Ivy Proshares MSCI ACWI Index Fund

Ivy Proshares MSCI ACWI Index Fund

Market Sector Update

  • As a whole, global equities were down approximately 12.5% in U.S. dollars over the quarter. The U.S. dollar appreciated about 1% relative to many other currencies. Escalating trade tensions between the U.S. and China, uncertainty surrounding the ongoing Brexit negotiations, populism in France highlighted by yellow vests activism, and concerns over the pace of rate hikes in the U.S. provided a sour backdrop for equity markets. Understandably, earnings revisions turned decidedly negative.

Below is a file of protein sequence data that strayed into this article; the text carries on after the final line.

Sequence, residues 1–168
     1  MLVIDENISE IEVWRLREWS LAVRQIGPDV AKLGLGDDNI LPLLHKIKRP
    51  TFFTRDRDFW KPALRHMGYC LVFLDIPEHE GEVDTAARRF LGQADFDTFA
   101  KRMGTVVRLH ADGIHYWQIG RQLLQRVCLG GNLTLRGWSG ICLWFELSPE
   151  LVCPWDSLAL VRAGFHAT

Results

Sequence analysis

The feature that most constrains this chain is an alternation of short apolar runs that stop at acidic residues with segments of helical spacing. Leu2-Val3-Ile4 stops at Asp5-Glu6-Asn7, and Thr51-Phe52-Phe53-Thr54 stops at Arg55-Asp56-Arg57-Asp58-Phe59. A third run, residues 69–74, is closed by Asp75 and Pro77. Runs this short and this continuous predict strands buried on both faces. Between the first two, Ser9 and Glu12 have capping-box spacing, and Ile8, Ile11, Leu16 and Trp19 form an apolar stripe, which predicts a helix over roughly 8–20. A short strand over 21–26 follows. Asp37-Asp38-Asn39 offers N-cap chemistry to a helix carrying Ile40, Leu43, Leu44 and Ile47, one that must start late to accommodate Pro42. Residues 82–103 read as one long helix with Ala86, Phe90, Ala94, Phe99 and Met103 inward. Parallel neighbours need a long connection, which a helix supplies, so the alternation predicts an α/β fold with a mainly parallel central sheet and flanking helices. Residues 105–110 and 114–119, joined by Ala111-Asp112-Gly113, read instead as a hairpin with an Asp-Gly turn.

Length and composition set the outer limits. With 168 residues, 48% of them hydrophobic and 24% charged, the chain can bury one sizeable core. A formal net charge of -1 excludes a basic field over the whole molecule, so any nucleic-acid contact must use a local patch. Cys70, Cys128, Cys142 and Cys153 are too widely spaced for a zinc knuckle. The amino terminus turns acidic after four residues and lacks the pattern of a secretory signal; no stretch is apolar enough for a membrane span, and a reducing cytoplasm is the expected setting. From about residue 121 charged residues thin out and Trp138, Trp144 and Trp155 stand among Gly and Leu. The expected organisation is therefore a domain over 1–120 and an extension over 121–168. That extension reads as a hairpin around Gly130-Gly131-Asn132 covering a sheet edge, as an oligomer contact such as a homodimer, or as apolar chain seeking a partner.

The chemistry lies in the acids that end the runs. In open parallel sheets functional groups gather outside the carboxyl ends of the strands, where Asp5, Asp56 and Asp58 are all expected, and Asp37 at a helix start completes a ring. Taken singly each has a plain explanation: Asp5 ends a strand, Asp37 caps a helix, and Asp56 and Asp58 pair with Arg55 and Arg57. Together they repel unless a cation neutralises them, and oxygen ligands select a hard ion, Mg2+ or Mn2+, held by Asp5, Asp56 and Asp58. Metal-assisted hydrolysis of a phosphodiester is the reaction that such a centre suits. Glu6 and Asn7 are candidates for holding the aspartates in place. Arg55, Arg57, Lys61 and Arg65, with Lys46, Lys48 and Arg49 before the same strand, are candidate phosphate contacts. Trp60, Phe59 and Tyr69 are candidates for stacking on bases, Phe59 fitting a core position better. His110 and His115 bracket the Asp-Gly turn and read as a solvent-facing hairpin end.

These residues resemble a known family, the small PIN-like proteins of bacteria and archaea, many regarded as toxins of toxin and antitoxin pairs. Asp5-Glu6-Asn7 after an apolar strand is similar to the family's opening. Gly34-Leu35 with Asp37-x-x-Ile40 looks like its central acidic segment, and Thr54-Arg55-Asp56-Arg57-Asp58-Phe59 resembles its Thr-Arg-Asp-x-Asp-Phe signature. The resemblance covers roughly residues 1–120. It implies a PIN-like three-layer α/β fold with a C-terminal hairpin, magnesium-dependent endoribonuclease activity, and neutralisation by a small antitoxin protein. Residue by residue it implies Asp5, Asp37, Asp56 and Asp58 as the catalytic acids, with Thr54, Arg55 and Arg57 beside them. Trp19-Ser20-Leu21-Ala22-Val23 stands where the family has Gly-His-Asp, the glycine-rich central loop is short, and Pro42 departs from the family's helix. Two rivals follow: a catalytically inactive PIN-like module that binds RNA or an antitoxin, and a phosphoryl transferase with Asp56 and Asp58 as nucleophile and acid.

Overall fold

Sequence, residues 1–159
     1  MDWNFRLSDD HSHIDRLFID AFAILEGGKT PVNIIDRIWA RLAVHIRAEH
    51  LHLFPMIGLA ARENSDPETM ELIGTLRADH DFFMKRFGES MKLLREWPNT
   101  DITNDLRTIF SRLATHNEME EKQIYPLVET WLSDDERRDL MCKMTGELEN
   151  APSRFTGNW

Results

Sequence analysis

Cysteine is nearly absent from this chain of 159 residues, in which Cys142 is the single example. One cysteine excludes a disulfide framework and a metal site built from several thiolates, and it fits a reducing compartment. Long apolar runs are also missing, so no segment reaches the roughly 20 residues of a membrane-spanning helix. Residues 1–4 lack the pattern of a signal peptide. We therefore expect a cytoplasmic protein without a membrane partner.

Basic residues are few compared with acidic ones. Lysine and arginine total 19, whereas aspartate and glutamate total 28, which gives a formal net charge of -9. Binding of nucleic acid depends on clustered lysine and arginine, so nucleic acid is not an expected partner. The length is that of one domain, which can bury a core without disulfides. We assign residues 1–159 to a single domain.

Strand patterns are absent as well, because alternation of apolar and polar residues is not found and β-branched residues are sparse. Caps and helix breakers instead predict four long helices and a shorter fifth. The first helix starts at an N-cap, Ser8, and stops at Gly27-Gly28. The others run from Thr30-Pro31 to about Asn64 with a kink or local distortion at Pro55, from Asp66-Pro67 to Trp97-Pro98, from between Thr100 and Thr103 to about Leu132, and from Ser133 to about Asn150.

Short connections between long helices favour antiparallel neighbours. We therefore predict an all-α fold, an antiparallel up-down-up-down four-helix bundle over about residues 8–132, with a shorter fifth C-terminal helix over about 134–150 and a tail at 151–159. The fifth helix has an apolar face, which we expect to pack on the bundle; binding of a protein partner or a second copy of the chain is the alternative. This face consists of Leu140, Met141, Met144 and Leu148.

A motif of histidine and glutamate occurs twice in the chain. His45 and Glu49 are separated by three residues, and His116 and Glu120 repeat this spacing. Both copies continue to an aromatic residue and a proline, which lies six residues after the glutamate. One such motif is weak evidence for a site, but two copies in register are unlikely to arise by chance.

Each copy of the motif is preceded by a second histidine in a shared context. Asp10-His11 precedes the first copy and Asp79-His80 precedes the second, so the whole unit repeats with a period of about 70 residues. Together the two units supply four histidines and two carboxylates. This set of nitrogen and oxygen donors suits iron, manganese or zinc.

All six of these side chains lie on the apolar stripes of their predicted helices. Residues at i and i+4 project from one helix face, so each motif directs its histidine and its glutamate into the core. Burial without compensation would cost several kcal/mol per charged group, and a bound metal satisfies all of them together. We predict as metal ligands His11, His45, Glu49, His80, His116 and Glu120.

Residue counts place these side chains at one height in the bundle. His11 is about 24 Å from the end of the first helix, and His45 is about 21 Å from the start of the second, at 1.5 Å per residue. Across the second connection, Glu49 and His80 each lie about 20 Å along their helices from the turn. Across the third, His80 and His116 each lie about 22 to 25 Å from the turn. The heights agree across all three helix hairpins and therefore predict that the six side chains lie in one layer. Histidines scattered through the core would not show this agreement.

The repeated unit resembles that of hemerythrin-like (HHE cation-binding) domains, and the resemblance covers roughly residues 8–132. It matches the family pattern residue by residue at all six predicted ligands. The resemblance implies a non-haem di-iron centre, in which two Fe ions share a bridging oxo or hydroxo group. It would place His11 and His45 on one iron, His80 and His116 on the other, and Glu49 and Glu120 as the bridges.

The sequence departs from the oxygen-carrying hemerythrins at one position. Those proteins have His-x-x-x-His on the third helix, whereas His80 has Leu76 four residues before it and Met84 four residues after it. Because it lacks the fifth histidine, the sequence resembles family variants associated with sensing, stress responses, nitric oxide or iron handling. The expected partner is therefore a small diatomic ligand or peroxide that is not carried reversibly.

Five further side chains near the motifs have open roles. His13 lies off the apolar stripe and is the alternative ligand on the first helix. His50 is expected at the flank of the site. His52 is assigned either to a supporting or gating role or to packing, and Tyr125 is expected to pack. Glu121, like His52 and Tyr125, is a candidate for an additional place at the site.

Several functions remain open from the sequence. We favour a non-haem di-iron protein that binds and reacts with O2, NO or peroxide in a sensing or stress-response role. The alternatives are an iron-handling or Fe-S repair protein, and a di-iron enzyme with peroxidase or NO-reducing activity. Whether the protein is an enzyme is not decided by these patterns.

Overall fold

• The quarter witnessed an additional rate increase by the Federal Reserve (Fed), increasing the federal funds rate to a range of 2.25 –2.50%. The 10-year U.S. Treasury yield closed the year at approximately 2.7%, a significant move from the 3.2% levels of November. In addition, the European Central Bank (ECB) ceased their asset purchase program, while the Swedish Central Bank, often considered a harbinger for the ECB, raised rates 25 basis points. China’s central bank stated a desire to maintain prudent monetary policy and keep the yuan stable while offering “reasonably ample” liquidity to the market.
  • Brent crude finished the quarter at $53.80, down almost 40% from its early October high. Excess U.S. supply concerns and lower global demand from an extended cycle drove the surprising swoon.

Portfolio Strategy

  • A passively managed index fund, the Fund delivered a negative return for the quarter, but slightly outperformed its benchmark for the period.